The trouble is, most Americans aren’t consuming enough. Estimates from the National Health and Nutrition Examination Survey found that U.S. adults average between 200 and 250 milligrams per day.
Part of the reason is a large class of nutrients found in plant foods, called flavonoids, according to new research published in the journal Nature. These nutrients may reduce the risk for cancer and cardiovascular death. The benefits were strongest when participants consumed about 500 milligrams of flavonoids a day, an amount consistent with a diet high in fruits and vegetables.
Fruits and vegetables are good for you. Common sense, right? But, why are they so good for you?
To increase your intake, consider incorporating more high-flavonoid foods like citrus fruit, red berries, broccoli and apples into your daily diet. Other plant foods like tea, chocolate and red wine are also good sources of flavonoids.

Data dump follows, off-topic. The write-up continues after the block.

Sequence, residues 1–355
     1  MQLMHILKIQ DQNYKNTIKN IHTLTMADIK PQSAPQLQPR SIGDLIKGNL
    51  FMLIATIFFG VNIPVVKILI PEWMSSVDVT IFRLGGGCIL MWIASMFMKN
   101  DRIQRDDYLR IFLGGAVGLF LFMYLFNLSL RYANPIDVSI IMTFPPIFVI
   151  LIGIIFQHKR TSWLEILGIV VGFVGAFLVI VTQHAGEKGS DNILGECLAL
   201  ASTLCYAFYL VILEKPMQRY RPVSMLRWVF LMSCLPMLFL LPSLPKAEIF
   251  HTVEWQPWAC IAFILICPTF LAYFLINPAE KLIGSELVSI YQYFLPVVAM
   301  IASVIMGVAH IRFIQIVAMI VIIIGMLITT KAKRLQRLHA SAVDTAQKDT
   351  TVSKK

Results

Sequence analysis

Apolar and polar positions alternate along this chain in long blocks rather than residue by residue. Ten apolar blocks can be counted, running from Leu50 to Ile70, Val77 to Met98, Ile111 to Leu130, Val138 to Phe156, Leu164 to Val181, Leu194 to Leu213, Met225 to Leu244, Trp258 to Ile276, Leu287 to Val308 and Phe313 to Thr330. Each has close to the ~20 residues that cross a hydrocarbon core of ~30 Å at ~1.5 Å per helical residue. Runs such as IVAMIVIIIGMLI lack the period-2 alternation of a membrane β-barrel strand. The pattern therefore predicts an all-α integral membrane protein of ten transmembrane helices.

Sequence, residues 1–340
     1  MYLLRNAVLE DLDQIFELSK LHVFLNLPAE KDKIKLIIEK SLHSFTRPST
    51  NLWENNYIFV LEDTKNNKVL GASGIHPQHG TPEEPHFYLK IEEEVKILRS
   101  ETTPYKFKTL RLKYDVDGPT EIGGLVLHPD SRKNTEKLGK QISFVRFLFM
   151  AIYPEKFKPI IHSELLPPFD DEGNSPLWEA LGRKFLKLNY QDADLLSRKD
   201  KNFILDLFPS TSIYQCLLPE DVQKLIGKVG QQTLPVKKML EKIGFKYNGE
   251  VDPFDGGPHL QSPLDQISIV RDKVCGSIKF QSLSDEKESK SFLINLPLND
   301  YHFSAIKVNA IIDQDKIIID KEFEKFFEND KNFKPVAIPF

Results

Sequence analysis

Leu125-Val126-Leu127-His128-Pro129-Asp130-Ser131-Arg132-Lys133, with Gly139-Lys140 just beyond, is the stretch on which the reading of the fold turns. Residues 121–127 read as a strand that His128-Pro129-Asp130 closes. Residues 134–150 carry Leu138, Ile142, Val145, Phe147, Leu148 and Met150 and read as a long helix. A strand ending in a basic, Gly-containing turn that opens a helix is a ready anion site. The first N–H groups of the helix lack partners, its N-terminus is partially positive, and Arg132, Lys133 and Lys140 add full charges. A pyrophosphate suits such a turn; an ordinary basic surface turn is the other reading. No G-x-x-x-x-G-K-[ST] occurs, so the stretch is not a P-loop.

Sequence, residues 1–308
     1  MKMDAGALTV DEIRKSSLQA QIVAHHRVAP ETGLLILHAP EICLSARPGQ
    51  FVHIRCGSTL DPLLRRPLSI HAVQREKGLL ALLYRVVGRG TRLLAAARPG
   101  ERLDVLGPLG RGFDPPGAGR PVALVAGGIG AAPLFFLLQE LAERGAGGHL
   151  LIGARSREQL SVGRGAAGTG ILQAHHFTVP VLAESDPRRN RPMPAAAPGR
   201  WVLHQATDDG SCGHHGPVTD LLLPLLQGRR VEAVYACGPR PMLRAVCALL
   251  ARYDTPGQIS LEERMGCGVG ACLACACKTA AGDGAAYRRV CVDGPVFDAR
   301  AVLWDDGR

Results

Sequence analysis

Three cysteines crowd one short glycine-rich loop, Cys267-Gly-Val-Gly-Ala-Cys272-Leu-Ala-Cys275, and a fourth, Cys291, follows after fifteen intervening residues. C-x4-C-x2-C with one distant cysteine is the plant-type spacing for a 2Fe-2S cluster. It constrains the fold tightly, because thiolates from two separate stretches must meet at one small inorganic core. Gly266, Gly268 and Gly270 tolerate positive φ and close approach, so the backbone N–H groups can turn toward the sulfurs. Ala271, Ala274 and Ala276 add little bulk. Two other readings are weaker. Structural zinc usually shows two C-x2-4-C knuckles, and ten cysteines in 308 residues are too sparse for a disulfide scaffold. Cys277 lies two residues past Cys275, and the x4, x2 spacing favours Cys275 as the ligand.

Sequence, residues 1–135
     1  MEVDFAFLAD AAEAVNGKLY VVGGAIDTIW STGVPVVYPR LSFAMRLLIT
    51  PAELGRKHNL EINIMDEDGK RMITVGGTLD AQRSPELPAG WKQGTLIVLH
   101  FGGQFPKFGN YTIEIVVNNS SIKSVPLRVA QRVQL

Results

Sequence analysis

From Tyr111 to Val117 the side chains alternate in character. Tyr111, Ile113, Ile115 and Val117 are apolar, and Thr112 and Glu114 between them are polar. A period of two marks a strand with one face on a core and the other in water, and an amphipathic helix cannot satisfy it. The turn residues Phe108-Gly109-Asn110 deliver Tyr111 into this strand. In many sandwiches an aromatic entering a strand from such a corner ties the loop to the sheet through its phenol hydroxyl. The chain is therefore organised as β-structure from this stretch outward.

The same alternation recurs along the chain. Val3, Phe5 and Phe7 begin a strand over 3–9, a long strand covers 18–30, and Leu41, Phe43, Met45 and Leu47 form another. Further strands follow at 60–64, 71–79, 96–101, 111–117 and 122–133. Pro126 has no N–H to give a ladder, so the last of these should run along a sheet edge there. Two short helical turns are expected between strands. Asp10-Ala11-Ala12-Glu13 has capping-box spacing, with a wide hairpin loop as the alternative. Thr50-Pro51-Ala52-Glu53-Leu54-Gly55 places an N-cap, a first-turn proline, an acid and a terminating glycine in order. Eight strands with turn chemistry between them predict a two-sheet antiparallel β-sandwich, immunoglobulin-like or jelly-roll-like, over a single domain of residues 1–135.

Flavonoids alone won’t ensure a healthy ticker, though.
“Maintaining a healthy body mass index (BMI) is critical for heart health and can reduce instances of cardiovascular disease by more than 40 percent,” said Dr. Sunil Kadakia, a cardiologist at Advocate Good Shepherd Hospital in Barrington, Ill.
BMI is one way to determine a healthy weight and is calculated using your weight and height. A healthy BMI is considered to be between 19-25, while a BMI of over 30 is considered obese. You can click here for a quick assessment to learn the weight range that’s considered healthy for a person like you.
In addition to maintaining a healthy weight and eating more fruits and vegetables, Dr. Kadakia suggests getting more exercise, cutting out tobacco and getting a good night’s rest.
“What surprises most patients is that if you make these lifestyle changes, you can reduce the risk of a cardiovascular event by 87 percent,” he said.